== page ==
The singleness of money is the assurance that public and private money trade at the same rates. Even small differences between public and private money rates can have a ripple effect across transactions. A Bank of International Settlements (BIS) working paper compared models of private tokenized money in terms of their singleness as a complement to a central bank digital currency.
Tokenization is “the process of representing claims in a digital form that allows them to be transacted on programmable platforms using smart contracts,” the paper said. Tokenized money can be a bearer instrument, where the claim on the issuer is transferred without affecting the issuer’s balance sheet. Stablecoins are an example of this.
Bearer instruments were prevalent in the days of “free banking” in the United States before the creation of the Federal Reserve, when money could be discounted by its receivers, the authors of the paper wrote. They drew a parallel between that situation and stablecoins depegging on permissionless exchanges.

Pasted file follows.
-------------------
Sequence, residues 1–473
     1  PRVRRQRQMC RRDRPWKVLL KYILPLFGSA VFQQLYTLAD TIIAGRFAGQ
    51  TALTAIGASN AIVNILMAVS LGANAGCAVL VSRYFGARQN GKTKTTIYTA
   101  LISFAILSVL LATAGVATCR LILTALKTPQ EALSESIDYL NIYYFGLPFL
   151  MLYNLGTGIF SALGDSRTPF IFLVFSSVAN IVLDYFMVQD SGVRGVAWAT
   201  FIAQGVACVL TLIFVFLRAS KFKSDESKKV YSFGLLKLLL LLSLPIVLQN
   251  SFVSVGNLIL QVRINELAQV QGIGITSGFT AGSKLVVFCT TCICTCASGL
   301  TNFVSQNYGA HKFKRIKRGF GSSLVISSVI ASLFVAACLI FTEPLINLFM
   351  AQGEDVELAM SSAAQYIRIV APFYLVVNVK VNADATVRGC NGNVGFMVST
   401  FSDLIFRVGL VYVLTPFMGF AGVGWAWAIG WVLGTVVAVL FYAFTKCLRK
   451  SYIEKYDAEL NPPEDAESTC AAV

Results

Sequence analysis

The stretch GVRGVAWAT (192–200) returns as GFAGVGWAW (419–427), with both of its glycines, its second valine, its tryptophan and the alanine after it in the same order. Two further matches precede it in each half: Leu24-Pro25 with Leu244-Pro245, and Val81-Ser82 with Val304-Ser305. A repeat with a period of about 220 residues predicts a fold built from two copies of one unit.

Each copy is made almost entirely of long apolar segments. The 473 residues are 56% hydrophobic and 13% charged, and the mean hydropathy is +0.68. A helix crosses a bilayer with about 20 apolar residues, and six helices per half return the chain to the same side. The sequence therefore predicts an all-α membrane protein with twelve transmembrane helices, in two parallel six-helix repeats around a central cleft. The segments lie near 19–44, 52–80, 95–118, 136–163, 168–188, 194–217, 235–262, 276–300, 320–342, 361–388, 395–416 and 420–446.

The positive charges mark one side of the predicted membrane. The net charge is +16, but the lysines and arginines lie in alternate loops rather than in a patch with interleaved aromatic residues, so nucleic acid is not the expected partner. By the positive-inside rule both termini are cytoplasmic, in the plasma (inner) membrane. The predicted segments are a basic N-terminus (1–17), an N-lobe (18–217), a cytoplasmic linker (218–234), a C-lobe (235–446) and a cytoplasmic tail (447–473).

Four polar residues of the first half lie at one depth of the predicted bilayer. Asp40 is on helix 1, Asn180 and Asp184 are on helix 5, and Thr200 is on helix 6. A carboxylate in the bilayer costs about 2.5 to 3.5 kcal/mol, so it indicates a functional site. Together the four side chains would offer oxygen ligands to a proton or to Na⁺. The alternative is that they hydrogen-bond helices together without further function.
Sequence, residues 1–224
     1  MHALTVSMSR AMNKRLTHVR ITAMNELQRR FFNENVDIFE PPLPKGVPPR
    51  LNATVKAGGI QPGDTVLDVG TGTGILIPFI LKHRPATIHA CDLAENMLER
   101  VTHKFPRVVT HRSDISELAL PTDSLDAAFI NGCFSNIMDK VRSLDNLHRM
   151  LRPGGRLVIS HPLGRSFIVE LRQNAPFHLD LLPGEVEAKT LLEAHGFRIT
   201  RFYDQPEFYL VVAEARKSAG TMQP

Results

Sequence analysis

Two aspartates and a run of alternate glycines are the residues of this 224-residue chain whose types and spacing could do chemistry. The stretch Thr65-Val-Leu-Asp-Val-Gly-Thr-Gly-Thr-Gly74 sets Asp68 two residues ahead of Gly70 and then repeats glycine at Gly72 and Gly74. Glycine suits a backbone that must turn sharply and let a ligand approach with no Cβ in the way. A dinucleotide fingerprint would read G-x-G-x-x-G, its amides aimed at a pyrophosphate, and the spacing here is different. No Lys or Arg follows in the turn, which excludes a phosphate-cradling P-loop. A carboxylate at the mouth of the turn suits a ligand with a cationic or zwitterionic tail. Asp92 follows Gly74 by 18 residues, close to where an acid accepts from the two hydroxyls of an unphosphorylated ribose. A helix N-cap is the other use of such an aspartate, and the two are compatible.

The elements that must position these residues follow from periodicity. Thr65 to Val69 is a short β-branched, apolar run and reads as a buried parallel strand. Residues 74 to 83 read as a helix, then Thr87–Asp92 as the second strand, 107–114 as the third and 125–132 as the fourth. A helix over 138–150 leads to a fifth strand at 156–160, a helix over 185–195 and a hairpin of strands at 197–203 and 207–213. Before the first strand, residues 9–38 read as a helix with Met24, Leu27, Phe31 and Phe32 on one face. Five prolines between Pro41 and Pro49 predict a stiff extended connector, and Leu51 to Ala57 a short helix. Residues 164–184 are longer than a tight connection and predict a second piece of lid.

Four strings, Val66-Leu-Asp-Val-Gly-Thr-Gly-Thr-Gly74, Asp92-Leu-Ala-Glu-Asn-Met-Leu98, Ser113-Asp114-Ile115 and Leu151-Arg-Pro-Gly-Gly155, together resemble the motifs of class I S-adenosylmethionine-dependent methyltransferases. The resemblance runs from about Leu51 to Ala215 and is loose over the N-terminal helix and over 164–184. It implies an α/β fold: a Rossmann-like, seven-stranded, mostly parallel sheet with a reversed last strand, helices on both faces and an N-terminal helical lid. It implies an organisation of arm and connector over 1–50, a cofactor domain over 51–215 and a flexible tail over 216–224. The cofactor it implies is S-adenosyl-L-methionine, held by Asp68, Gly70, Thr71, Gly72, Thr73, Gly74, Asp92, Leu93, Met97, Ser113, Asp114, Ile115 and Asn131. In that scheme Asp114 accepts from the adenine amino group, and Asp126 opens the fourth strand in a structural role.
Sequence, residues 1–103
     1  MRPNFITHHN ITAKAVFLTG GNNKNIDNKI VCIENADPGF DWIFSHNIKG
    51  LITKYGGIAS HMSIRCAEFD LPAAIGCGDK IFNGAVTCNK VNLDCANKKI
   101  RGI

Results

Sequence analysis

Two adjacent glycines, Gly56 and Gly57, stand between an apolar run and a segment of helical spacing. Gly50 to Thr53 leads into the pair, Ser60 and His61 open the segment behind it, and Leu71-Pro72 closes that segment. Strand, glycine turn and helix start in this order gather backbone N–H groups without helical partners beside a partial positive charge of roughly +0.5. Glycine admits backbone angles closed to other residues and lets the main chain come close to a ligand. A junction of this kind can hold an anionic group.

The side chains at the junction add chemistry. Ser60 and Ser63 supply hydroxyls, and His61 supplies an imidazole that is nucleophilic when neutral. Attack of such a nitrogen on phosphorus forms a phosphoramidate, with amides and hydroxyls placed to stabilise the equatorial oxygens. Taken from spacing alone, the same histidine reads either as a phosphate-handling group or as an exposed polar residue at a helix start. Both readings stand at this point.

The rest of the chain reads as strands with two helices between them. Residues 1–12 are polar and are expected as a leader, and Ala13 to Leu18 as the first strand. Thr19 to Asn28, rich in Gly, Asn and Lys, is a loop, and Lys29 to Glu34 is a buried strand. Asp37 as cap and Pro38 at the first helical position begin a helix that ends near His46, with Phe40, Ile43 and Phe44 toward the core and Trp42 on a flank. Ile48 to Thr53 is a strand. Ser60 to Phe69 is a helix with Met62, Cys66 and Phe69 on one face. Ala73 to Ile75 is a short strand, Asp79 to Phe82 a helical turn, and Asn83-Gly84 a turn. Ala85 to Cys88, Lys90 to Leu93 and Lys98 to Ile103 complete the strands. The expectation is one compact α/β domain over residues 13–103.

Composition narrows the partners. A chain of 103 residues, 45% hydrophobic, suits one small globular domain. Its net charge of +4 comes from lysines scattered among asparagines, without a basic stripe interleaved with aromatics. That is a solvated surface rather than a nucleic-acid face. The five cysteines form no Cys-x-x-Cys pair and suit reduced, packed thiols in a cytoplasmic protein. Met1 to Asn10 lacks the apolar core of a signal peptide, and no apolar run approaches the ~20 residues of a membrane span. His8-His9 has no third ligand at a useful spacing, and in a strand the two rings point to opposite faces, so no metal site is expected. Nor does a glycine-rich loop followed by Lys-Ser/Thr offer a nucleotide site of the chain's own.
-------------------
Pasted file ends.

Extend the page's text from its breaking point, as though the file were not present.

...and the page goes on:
Alternatively, tokenized money can be a non-bearer instrument, where the sender is debited and receiver credited on their respective balance sheets as the settlement is made in central bank money. The commercial banking system currently operates on this model.
The use of central bank money to settle tokenized money that is a non-bearer instrument guarantees a consistent exchange rate, with the proper design, as “this model requires that both public and private forms of tokenised money are available on the same platform.” Maintaining singleness between digital money and cash would depend on regulation:
“Singleness between private tokenised money and cash would be supported in the same way it is now for commercial bank deposits, provided all private tokenised money issuers comply with the same regulatory standards and have access to the same safeguards.”
Another short BIS working paper was released simultaneously that examined tokenization and found a continuum of challenges and benefits from the process, depending on the nature of the underlying assets.
— Mikko Ohtamaa (@moo9000) April 11, 2023
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